Nationally, she promises that the first bill she introduces in Congress will be the “Justice for All Civil Rights Act.” A response to courts’ watering down of the protections of the 1964 Civil Rights Act, she says, it would end the requirement for plaintiffs to prove intentional discrimination. Instead, showing “the impact of the policy itself on the ground is actually discriminatory in practice” would suffice – a change she says would, for example, “transform our education system” by ending funding inequities.
Closer to the ground, what sets the Detroit-born daughter of Palestinian immigrants apart is an affinity for civil disobedience that most politicians eschew in office rather than fusing it with their legislative agenda. That includes a willingness to be arrested, most recently earlier this month in a minimum-wage protest.
Ms. Tlaib repeatedly invokes a pair of fights undertaken during her six years as a state legislator. One was a protracted battle with Matty Moroun, the billionaire owner of the Ambassador Bridge and opponent of alternative border crossings that would send fewer trucks through residential neighbourhoods, which at one point involved participating in a blockade. In the other, she trespassed to obtain samples of petroleum coke piles along the Detroit River, to test toxicity after Michigan’s environmental agency dismissed concerns, which eventually resulted in the substance’s removal.
That approach now makes her a key player in a struggle for her party’s identity, between those who want to push it toward the activist left and those more concerned with winning over moderate voters.
She understands different political imperatives for Democratic candidates catering to middle-class white voters in suburbia. “I’m not expecting them to block trucks,” she says.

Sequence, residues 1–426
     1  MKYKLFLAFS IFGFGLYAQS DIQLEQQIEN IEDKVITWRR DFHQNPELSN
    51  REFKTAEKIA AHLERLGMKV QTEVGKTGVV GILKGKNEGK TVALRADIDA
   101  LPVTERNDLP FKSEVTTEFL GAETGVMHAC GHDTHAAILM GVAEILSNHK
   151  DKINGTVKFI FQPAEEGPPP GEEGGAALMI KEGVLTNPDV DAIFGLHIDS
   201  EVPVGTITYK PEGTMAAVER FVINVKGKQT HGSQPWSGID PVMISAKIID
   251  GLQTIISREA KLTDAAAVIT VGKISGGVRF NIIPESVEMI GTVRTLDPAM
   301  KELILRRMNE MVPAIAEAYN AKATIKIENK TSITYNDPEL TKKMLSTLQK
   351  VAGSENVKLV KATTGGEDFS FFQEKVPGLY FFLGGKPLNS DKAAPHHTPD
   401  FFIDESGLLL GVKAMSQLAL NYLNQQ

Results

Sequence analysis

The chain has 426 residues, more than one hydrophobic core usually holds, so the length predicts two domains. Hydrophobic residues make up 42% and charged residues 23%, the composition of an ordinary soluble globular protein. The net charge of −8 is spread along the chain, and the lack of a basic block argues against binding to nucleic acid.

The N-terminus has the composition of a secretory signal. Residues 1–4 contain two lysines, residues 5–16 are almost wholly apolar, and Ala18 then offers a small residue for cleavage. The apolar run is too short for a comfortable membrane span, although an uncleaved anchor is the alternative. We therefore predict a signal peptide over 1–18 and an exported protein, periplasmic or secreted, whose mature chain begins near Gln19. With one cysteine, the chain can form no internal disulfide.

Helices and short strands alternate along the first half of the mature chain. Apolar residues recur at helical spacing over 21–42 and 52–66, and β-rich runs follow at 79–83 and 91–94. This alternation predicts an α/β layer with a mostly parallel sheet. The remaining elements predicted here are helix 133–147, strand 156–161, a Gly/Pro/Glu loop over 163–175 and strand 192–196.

But she does hope to help instill “courage,” in pursuit of goals such as single-payer health care and opposition to what she sees as corporate greed benefiting few at the expense of many, which she argues will prove more credible with voters than cold calculation.
She sees kindred spirits in other women of colour – Alexandria Ocasio-Cortez in New York, Jahana Hayes in Connecticut, Ilhan Omar in Minnesota, Ayanna Pressley in Massachusetts – who won Democratic primaries this year, mostly as progressive insurgents. “We weren’t the chosen candidates,” she says. “We weren’t supposed to win. I think that says a lot about the direction that the party is going.”
She also implies that, despite feeling part of a broader wave, the stakes facing her are uniquely high.
Detroit, to her eyes, has long been a hotbed for the sort of anti-establishment progressivism now being embraced by her party’s base in other cities and states. Her district’s highest turnout in memory, for this year’s primary, points to as increased level of local engagement. And as in the past, where better to take a political lead tackling inequality than somewhere it’s so pronounced?
But she’s not afraid to hark back to Detroit’s bloodiest hour – the 1967 riots – to warn what will happen there and perhaps beyond if the divide between “winners and losers” keeps growing.
“It’s how we ended up with the rebellion,” she says, in both a message to the political establishment and a demonstration of why the establishment finds her unsettling. “I don’t think people get it.”